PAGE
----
A soot filter for ships removes soot from exhaust gases as they leave the exhaust pipe. A soot filter helps keep the deck and the water around the ship cleaner because the soot remains trapped in the filter.
In this article we explain how soot filters for ships work.
Soot particles in a ship’s exhaust stream can be filtered out by a ceramic soot filter. The amount of soot each filter can absorb depends on its volume.
This means that every so often, the soot that accumulates in the filter has to be burned off to regenerate the filter. This also ensures that the exhaust back pressure does not exceed the maximum limit for the engine.
A soot filter for ships, otherwise known as a diesel particulate filter (DPF), removes soot particles from the exhaust gases produced by the ship’s diesel engine.
There are two different types of filter systems for ships:
– Passive filter systems.
– Active filter systems equipped with a fuel burner to actively initiate filter regeneration.
A soot filter removes up to 99% of the soot particles from the exhaust gases.
Over time, the ceramic soot filter gets clogged with soot.
This soot has to be burned off to regenerate the filter. If the load on the engine heats the exhaust gases above a certain minimum temperature 80% of the time, there is little risk of the filter becoming clogged. In this case, a self-regenerating filter might be worth considering.
Excessive exhaust back pressure reduces engine performance and leads to (far) higher fuel consumption than is necessary.
Periodic removal of the ash (left in the filter after the soot is burned off) prevents loss of engine power resulting from high back pressure.
All active soot filter systems for ships basically work the same way: they increase the temperature in the system. This ensures that the soot is burned off and regenerates the filter.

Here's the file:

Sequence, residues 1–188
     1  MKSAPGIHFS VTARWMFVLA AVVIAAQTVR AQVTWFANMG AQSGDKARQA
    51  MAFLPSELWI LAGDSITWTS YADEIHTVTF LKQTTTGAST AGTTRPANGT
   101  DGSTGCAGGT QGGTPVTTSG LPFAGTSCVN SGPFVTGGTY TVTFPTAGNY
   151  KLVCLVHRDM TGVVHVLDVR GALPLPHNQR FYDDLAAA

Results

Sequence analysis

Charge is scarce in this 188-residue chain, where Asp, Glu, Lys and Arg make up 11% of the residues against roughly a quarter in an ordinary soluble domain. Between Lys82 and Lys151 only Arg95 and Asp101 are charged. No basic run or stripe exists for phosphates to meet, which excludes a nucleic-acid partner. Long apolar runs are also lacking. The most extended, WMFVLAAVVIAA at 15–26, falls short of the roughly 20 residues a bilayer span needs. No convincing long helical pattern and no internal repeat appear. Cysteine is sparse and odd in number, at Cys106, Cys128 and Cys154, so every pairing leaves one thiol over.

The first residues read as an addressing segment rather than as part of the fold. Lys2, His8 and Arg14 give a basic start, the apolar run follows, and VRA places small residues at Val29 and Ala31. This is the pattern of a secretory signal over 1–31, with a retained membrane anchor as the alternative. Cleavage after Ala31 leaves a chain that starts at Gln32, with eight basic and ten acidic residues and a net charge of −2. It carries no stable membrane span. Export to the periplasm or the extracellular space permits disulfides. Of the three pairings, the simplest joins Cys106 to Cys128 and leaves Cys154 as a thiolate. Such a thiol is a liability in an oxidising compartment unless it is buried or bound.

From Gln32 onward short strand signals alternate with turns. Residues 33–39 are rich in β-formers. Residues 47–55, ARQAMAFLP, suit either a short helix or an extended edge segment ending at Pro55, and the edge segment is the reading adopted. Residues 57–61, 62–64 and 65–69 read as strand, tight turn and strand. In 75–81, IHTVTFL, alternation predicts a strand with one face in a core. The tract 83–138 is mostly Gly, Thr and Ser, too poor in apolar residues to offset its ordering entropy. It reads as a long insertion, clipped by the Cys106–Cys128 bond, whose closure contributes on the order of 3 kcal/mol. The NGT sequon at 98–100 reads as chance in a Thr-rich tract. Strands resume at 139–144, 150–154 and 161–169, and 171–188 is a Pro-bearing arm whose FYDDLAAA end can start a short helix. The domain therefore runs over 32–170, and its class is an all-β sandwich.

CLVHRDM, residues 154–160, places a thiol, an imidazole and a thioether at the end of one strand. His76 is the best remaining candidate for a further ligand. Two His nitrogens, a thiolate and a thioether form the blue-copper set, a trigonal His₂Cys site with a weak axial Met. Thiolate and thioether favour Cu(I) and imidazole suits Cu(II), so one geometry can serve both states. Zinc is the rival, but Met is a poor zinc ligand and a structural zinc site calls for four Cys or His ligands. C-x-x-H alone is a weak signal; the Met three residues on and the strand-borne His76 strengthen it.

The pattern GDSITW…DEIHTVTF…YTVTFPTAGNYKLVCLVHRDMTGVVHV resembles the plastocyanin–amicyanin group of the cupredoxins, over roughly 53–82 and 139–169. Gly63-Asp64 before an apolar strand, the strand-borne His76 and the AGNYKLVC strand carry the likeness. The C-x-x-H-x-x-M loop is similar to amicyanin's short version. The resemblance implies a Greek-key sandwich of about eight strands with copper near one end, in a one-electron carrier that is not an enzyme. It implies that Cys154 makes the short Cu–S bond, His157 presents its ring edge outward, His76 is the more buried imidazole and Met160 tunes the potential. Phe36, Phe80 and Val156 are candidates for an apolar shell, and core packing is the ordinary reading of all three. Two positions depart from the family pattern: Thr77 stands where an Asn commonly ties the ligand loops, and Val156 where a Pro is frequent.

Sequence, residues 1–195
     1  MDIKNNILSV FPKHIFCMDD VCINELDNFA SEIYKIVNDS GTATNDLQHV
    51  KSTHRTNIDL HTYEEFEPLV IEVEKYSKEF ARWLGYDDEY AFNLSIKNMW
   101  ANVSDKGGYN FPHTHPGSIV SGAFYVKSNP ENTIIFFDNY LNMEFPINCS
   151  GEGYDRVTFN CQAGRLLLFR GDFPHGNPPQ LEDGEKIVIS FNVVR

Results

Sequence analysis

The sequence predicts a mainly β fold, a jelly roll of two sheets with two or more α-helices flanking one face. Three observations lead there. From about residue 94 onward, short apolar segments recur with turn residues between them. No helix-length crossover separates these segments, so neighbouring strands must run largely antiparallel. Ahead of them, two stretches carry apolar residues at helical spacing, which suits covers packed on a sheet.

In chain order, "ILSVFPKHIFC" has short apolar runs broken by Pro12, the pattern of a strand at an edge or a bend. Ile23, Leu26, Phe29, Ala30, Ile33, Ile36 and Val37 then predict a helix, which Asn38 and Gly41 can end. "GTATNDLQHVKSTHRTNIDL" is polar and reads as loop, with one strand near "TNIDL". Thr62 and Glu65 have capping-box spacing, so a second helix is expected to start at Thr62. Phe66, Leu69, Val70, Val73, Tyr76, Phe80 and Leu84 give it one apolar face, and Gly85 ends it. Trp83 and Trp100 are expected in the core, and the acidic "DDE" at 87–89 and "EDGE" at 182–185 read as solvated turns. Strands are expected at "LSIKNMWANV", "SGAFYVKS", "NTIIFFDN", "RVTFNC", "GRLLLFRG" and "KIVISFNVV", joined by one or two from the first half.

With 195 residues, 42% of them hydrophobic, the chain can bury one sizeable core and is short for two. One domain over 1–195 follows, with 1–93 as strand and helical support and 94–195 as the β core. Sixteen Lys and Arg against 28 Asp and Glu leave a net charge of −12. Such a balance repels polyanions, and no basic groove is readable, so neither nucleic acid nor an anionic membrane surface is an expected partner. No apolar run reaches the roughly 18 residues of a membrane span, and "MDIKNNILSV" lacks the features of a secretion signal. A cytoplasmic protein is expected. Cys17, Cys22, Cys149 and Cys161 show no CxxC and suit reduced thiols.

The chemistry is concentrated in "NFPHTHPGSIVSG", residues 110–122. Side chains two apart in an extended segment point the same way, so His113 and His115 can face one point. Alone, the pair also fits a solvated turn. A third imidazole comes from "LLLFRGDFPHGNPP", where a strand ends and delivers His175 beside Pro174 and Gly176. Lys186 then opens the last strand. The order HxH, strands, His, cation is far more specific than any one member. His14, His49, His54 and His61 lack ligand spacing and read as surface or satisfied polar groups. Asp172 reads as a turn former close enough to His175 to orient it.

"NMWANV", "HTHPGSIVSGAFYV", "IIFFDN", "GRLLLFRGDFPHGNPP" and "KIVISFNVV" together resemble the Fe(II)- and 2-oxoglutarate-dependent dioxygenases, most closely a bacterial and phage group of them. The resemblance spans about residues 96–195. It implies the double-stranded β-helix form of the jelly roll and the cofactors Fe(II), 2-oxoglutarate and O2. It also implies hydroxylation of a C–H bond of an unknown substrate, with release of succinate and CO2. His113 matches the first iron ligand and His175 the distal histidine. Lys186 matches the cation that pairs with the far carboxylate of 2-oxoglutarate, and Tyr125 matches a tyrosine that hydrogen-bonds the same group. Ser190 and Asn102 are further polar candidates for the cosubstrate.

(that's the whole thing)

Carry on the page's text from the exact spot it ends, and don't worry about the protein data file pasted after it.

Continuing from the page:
The difference between active and passive soot filter systems is temperature control:
– Active soot filter systems artificially raise the temperature within the DPF.
– Passive soot filter systems do not need additional heat because the engine produces exhaust gasses at a higher temperature.
Passive soot filter systems reach higher temperatures simply with the heat of the exhaust gases.
When smaller engines operate at sufficient load, the exhaust gases are often hot enough to burn off the soot.
If the exhaust gases are not hot enough to incinerate the soot, an active soot filter system ensures that the soot is burned off.
An external fuel burner provides the additional heat needed to convert the soot particles to ash.
Emigreen® is market leader in exhaust gas aftertreatment systems and supplies soot filters for ships, yachts and industrial applications.
Our soot filter differs from other systems in terms of its sophisticated control and user-friendly maintenance.
What makes the Emigreen® soot filter unique?
– With proper maintenance, the Emigreen® soot filter has a surprisingly long lifespan and is operated by a sophisticated control system that makes sure the engine will keep running and providing power.
– It can be maintained by the crew.
Our products are designed for ship owners, shipyards and engine manufacturers who want to install the most reliable systems on their ships and next to their engines.
The Emigreen® soot filter has minimal impact on the sailing schedule and enhances the experience of the yacht owner or charterer.
About the author